I had rather expected that to be the day when you realised that everyone who is anyone at God's Own University has always held your little "newspaper" in utter derision, far from its having the power of hire and fire that you seemed to imagine. But no. You learned nothing from that, or from the little visits from ... well, I don't need to go on, do I?

    But might this be that day? I suspect that it might. Any more trouble from you, and I can assure you with absolute certainty that the patience of the institution will finally be exhausted. I am tempted to say, "Bring it on".

    On topic, please.

  10. Silly little boy, isn't he an ex-tutee of yours? And wasn't he supposed to be brilliant, until he got caught red-handed trying to rig a JCR election and then got a middling degree? Rich enough to stay a student forever, unfortunately. Not just a crook, incompetent at being a crook.

    You know dozens, possibly hundreds of MPs, ex-MPs, peers and the like. What with you being a full grown man and all, as you would have thought he had learned after what he got the last time he crossed you. He is an academic embarrassment, so by all means let him try his luck against you again because then the place can get shot of him once and for all. Stupid boy.

  11. You and Tim Collard are both former Telegraph bloggers whereas the execrable Dan Hodges is still there putting up the same bitter Blairite post over and over and over again.

    Your projected Review, presumably online in this day and age, could not be more urgently necessary. No publication in the Guardian, replaced with a series of David Miliband groupies (it was that McTernan before Hodges) in the Telegraph, some old Times hack instead of David Goodhart at Prospect, Rod Liddle passed over for the Indy, our people are completely denied a voice.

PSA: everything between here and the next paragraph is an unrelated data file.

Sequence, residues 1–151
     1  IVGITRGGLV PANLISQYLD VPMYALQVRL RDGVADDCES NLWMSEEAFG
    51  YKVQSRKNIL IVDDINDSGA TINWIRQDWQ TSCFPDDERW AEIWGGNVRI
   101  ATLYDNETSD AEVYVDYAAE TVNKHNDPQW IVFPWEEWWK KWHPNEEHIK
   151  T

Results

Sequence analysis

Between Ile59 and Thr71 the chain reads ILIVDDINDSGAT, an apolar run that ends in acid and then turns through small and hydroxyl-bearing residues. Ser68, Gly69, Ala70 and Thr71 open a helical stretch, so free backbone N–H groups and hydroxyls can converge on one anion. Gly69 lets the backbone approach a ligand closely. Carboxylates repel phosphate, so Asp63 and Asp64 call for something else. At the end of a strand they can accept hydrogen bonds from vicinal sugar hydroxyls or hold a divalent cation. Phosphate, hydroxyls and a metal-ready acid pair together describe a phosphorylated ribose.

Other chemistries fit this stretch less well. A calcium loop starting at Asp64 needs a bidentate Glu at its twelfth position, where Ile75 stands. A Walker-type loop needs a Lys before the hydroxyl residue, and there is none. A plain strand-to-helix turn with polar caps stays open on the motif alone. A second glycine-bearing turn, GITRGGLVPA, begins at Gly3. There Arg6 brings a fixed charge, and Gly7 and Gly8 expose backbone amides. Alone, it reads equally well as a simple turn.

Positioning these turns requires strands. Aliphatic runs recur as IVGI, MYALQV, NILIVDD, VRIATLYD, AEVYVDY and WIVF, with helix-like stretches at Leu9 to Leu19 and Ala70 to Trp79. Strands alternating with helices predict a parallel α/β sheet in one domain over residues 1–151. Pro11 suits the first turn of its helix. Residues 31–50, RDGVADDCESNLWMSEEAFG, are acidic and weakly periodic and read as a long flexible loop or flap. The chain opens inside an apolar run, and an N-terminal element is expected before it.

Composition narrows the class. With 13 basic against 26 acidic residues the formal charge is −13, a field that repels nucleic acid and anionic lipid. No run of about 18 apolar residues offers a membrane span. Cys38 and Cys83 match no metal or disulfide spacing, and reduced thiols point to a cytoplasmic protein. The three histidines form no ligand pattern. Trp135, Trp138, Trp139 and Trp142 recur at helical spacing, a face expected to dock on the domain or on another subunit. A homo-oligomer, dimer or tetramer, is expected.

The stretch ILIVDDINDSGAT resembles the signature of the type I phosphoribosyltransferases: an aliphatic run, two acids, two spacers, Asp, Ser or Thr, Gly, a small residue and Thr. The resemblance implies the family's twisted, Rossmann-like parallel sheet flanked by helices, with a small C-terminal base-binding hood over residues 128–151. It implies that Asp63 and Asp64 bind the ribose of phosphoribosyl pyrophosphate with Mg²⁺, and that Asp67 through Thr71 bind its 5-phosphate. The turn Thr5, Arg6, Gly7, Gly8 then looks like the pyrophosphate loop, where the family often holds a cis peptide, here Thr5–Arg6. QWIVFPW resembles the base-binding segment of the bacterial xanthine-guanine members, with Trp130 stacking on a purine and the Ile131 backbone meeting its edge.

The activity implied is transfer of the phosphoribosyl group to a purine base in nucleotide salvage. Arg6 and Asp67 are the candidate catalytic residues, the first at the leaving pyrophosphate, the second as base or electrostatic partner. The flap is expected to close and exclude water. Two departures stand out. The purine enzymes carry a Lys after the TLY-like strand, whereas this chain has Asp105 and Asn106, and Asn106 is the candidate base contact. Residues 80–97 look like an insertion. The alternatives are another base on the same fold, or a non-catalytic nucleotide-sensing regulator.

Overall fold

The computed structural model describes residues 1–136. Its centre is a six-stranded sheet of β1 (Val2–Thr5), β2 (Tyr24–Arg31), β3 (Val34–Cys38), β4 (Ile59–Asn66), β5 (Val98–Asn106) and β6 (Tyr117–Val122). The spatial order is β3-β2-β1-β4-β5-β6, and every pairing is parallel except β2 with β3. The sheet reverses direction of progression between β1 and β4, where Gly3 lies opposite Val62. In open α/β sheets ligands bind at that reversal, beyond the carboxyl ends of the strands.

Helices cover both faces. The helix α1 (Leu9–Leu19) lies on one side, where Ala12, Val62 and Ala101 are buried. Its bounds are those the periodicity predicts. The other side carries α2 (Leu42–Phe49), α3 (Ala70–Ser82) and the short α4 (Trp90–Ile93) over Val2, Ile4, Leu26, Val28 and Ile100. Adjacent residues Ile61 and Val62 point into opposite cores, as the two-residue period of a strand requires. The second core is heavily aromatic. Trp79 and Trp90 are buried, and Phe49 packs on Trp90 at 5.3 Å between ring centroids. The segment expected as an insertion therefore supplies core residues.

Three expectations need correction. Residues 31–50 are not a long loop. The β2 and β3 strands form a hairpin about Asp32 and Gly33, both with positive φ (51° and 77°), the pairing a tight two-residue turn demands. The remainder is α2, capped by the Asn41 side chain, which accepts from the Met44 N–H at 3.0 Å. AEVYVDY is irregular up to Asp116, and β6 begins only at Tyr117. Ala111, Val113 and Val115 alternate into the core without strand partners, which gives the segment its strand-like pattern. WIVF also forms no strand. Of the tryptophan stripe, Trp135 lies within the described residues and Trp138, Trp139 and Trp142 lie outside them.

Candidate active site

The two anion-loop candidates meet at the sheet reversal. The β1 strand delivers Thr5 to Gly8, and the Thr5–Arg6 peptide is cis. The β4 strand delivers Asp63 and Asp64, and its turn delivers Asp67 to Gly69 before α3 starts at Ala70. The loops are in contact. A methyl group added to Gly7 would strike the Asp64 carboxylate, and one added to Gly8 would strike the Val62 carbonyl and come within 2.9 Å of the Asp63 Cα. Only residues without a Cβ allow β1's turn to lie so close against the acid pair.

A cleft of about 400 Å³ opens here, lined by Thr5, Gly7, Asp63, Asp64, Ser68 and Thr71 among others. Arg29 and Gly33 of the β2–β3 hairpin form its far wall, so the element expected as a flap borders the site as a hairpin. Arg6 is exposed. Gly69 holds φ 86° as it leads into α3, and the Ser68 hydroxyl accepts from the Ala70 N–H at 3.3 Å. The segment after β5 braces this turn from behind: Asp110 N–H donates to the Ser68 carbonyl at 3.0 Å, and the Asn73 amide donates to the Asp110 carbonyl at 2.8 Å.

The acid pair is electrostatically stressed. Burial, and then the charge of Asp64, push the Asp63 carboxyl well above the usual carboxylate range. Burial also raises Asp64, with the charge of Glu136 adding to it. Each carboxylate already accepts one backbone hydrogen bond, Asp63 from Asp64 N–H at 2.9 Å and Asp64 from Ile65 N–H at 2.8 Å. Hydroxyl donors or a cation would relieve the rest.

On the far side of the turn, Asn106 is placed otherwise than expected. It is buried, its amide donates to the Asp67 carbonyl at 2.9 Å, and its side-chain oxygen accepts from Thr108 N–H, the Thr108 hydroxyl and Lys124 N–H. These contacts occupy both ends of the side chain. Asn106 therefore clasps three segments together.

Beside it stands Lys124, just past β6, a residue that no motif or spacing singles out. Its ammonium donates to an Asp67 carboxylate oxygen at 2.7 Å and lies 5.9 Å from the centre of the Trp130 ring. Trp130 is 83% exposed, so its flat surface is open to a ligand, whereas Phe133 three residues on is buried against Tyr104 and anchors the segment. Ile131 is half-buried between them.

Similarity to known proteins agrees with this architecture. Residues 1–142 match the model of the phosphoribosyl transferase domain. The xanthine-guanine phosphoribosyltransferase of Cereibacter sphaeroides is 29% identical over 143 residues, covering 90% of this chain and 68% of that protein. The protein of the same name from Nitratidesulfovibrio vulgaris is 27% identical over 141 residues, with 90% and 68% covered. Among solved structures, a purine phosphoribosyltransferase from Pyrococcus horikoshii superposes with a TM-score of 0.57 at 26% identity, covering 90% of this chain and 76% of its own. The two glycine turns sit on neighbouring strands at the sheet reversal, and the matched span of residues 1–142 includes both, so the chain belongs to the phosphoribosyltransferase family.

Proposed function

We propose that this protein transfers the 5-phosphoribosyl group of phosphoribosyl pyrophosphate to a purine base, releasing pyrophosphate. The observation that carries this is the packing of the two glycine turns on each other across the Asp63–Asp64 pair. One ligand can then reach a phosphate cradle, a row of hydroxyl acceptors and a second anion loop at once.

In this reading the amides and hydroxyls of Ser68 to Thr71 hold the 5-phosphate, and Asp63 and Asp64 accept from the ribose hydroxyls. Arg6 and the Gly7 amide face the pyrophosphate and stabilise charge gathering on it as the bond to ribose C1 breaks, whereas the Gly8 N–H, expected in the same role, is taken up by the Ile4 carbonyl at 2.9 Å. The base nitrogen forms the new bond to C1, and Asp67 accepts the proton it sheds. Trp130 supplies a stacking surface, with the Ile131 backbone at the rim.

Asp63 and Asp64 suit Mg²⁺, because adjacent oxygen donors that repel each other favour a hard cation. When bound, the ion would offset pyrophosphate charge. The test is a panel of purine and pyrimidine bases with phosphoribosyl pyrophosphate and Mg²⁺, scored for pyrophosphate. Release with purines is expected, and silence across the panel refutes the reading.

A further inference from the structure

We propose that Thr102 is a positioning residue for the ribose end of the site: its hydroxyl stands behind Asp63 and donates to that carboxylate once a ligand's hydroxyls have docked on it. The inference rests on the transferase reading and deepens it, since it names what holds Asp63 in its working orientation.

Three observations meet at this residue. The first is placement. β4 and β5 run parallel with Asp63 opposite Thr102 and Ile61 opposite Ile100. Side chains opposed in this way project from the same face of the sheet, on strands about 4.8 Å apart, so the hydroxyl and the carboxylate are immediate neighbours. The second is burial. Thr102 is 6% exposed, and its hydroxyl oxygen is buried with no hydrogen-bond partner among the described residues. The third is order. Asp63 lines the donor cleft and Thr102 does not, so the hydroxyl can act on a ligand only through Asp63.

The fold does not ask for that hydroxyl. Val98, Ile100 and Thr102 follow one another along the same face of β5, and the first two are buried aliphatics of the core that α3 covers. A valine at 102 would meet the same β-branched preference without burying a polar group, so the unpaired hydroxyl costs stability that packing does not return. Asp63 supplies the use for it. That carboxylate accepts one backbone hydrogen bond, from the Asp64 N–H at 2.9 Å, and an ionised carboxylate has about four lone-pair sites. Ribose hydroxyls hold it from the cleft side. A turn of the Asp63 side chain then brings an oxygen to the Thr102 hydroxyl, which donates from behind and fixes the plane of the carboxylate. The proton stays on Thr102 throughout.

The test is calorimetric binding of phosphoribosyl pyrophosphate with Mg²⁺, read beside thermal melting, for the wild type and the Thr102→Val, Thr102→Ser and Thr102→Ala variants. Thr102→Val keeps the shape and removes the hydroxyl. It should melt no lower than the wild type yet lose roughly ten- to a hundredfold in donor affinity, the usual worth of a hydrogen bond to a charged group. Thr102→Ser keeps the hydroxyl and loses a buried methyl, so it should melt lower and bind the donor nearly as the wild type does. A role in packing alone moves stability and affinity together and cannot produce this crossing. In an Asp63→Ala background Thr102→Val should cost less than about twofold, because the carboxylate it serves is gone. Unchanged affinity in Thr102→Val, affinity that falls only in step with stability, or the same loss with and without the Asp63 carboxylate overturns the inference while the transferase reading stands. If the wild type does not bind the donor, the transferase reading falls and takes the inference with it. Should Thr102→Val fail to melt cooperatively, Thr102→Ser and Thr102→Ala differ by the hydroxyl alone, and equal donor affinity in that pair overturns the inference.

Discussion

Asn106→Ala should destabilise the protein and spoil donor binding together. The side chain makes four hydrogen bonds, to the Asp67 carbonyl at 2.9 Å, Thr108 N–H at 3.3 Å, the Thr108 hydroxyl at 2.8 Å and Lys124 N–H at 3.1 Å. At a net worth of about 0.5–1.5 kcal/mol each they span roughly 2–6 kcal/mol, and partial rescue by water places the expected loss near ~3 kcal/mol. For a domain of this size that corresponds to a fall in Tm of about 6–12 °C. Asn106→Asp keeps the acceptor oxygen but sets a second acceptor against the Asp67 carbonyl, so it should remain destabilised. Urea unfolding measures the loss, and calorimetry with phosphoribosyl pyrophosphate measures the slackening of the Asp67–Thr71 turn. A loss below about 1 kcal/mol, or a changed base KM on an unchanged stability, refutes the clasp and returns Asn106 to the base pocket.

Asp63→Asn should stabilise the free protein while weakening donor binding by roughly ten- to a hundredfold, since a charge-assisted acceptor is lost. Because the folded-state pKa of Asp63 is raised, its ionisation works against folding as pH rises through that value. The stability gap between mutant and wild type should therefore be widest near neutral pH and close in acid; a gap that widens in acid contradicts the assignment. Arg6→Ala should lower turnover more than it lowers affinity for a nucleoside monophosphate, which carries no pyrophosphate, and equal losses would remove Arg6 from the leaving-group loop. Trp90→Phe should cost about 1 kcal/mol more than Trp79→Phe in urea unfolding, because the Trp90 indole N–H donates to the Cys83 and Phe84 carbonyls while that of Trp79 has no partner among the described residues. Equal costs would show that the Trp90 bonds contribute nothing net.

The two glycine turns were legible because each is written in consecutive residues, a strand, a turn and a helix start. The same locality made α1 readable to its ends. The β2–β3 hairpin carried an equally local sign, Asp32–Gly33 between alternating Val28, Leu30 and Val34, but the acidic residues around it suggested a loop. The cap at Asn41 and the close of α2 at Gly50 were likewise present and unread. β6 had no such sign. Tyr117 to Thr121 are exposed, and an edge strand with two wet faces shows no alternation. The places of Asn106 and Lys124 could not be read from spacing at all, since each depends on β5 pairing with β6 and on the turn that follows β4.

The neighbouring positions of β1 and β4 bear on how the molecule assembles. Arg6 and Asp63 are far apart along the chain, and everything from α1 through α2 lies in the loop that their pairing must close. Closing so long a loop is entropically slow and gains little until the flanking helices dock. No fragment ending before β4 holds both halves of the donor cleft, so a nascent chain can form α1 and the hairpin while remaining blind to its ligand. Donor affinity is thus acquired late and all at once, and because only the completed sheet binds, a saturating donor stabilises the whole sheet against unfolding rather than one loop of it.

The censored peer was doubtless your mate, contributor to one of your forthcoming books, stepfather to one of your adoring freshers, Maurice Glasman. We are silenced even in the House of Lords! Is that not a contempt of Parliament?

  12. True Wales could probably get a Strasbourg seat if it wanted one. Most obviously for Rachel Banner. But what, no Northern Ireland?

  13. Not yet. And not for want of trying even at this stage. The lines of contact are fully functioning.

  14. If this really was made the basis for reorganising the True Wales vote so as to secure a European seat, that would be a hugely positive development.

    On 5th May, you wrote about "the once-mighty Ulster Unionist Party, now vying for fourth place in Northern Ireland, and even by the standards of these things a loose federation of local franchisees: liberal-Left intellectuals, industrial-municipal machinists, agricultural-municipal machinists, Monday Clubbers, and so on. By all accounts, the Monday Clubbers, in particular, are regrouping." They shouldn't be the only ones.

  15. Loving the fact the Clark and Liddle are being kept in reserve. Their names on this would have distracted from you as the lead hack here, and might have deprived the project of Guardian martyr status. In that light, the lordly absence is also somewhat fortuitous, isn't it? Never underestimate David Lindsay.

    But who does? Are you sure that the silly boy is still here? He never, ever comes into college if he is. Not like you, on form again last night in your full James Bond outfit, white silk scarf and white gloves the lot, greeted as the granddaddy and the godfather by everybody from the biggest players in the student body to the biggest players in the university establishment. No wonder the silly boy never comes in.

  16. Neil Clark has reproduced this in full and without criticism on his blog,